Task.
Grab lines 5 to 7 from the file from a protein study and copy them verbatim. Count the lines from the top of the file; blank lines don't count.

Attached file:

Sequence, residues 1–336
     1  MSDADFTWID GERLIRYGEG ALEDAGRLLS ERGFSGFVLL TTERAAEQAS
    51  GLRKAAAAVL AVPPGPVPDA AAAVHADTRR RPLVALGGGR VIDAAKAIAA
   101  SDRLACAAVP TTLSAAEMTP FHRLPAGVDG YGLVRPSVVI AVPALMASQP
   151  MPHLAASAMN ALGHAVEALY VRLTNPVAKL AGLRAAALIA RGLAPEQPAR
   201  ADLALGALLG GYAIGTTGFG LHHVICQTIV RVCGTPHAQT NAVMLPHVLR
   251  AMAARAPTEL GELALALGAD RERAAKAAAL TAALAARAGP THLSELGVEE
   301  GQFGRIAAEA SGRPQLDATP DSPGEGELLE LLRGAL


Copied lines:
   151  MPHLAASAMN ALGHAVEALY VRLTNPVAKL AGLRAAALIA RGLAPEQPAR
   201  ADLALGALLG GYAIGTTGFG LHHVICQTIV RVCGTPHAQT NAVMLPHVLR
   251  AMAARAPTEL GELALALGAD RERAAKAAAL TAALAARAGP THLSELGVEE